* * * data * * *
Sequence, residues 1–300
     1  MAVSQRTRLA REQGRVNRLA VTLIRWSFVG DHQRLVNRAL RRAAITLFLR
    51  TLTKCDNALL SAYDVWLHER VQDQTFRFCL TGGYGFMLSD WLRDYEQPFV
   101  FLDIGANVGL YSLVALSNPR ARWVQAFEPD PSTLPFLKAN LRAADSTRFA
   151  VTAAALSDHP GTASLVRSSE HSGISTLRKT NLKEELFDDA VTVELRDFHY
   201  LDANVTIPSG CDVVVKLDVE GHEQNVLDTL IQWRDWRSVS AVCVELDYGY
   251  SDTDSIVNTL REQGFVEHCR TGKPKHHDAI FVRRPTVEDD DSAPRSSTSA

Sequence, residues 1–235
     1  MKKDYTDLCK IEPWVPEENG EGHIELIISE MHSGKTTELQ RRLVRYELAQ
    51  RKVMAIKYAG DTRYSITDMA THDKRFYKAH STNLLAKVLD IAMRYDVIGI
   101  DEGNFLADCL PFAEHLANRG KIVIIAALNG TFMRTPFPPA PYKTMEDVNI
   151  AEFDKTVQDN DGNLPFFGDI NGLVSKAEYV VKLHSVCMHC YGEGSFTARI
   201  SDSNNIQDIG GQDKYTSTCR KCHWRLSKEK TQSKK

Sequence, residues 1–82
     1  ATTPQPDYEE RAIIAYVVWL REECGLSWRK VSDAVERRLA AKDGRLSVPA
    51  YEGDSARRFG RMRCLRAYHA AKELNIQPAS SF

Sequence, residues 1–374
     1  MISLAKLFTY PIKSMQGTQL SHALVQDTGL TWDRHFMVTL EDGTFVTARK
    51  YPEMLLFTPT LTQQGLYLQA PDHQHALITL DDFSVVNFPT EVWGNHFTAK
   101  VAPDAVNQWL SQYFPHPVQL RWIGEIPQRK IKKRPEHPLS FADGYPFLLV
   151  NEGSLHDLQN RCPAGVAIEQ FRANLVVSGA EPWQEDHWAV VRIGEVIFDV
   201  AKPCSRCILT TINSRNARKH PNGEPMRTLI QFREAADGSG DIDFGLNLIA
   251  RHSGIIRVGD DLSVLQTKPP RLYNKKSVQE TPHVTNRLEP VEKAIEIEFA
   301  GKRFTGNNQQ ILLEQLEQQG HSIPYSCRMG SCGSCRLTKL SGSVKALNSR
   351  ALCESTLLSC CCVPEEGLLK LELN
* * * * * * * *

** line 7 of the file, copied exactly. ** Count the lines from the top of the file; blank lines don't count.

   251  SDTDSIVNTL REQGFVEHCR TGKPKHHDAI FVRRPTVEDD DSAPRSSTSA